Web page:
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Tales from the Wonder Zone #4: Odyssey

edited by Julie E Czerneda, illustrated by Jean-Pierre Normand

(Fitzhenry and Whiteside, 2004. US$15.95 trade paperback, 129 pages.)

Five stars.

On the theory that "the Golden Age of science fiction is 13," this publisher has cover scanput forth a series designed to hook young readers on both science and fiction. The stories vary in target age range, from grades 5 through 8. Honestly, Wonder Zone has published some of the most original, engaging, and often hair-raising stories I've read over the last few years. By all means, use the book for its intended purpose -- take it to class, buy it for your kids -- but read it yourself first.

The introduction this time features Greg Bear, a talented author and lecturer, explaining science fiction as a kind of game. "Jigsaw" by Douglas Smith is a darkly amusing look at what can go wrong when humans use alien technology they don't fully understand: "Found with still-only-partly-translated, we-think-this-button-does-this libraries and databases, and we-can't-fix-it-so-it-better-never-break technology." It's one of several stories in this anthology with a communication theme. M.T. O'Shaughnessy's "Skeeters" ventures into the realm of physics instead, although I'm more accustomed to hearing "skeeter" as slang for "mosquito" than "water strider." That's the source of inspiration for how to cope with crash-landing in a mercury ocean. A young man struggles to find his place in an alien world in Sarah Jane Elliott's "Tides of Change." This one has elements similar to fantasy, but still grounded in science. Francine P. Lewis tackles unplanned parenthood in a completely innovative -- and disturbing -- way in "To Feast on Royal Jelly" in which the protagonist's carelessness lands him more responsibility than he knows what to do with. My favorite illustration is the one for this story, featuring one of the Sanirtoh mor Sartoh. Laura Anne Gilman presents an impressive set of haiku riddles about the planets of our solar system (answers on the next page). Some are easy to solve, others challenging! Annette Griessman tells her story, "Treasures," from the alien perspective. Desperate humans grab the wrong things for trade goods.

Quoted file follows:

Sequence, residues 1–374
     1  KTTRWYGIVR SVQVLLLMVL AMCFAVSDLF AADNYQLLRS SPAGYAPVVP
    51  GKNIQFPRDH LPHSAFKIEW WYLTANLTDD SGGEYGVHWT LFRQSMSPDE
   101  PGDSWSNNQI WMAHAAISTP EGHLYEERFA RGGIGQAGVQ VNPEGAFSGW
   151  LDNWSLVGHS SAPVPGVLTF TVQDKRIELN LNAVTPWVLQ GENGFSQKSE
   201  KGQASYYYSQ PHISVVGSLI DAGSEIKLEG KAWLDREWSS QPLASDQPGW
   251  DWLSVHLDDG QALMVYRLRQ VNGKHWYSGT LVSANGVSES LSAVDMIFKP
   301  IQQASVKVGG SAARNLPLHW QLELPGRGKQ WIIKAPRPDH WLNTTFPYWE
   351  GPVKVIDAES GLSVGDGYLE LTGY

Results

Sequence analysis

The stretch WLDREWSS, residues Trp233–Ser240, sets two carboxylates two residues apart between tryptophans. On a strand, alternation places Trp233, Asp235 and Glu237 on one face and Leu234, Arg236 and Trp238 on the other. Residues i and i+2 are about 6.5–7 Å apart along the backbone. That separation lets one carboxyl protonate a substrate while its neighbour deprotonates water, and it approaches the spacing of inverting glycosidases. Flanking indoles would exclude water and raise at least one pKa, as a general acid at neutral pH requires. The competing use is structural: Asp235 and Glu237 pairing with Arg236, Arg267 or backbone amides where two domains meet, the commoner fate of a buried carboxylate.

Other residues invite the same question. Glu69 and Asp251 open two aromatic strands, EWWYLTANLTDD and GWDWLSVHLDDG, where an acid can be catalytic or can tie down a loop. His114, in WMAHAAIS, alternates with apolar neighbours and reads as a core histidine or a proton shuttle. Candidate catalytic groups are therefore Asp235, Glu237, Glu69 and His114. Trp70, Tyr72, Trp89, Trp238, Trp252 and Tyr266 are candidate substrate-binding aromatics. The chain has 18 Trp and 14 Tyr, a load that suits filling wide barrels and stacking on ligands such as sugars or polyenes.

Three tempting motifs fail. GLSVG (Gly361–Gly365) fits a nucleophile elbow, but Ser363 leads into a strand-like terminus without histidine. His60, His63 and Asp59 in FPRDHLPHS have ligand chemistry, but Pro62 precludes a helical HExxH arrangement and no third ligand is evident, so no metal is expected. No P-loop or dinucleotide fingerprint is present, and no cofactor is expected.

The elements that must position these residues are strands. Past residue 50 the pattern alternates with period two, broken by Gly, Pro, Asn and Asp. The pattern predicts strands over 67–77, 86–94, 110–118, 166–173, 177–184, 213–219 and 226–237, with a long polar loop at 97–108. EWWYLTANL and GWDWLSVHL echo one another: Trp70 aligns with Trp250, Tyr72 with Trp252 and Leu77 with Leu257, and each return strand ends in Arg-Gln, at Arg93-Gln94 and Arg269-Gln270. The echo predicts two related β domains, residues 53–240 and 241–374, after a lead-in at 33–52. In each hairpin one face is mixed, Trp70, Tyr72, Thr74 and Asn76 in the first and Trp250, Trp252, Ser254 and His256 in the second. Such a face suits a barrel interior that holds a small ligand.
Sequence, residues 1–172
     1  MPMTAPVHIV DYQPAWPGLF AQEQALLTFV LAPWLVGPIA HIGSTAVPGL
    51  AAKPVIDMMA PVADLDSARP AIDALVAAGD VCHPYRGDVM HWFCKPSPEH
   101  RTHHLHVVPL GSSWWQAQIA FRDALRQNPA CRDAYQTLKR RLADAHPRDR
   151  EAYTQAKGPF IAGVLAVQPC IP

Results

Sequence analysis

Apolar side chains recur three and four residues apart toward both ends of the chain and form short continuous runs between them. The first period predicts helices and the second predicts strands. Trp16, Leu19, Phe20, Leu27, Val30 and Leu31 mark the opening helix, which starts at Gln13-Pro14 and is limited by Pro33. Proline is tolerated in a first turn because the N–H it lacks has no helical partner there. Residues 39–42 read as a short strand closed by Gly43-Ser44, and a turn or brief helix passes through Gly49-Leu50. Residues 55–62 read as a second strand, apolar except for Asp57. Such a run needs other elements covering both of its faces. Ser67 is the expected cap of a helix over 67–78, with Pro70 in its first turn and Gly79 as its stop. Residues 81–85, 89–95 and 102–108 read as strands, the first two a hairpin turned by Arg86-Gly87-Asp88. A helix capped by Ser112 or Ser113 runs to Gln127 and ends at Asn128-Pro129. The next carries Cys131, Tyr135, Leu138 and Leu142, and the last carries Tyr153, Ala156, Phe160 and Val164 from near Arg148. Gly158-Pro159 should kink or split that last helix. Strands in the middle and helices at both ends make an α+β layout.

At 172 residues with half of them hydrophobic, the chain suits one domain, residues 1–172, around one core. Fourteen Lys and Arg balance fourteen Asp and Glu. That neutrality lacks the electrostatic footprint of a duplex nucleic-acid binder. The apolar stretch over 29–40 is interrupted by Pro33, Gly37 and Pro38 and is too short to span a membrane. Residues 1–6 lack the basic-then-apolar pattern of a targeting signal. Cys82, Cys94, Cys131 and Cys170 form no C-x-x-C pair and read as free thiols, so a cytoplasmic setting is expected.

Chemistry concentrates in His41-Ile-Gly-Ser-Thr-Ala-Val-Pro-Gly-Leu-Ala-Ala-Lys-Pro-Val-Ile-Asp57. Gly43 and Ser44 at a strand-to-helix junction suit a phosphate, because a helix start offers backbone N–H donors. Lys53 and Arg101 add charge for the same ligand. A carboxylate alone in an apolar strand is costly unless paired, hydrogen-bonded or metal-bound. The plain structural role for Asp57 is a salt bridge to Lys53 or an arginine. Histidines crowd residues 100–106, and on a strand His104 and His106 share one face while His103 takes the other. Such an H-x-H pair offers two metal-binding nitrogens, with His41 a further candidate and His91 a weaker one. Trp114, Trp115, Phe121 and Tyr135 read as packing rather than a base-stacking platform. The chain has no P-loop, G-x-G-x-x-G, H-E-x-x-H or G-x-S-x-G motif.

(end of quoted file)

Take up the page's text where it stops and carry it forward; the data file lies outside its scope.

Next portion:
I found the last story, "Defining an Elephant" by Peter Watts, disappointing in comparison with the others. Its narrow premise was too obvious for my taste. Worse, it violates the rule about protagonists needing to have some way of influencing their situation -- because all the action happens in the flashbacks, and the conclusion just sort of dribbles away into hopelessness. This really clashes with Wonder Zone's overall "work the problem!" attitude.

Odyssey makes a terrific addition to a terrific series. As intended, it holds enormous appeal for young readers; but for older fans, it's a trip down memory lane. Most highly recommended.

Review by Elizabeth Barrette.

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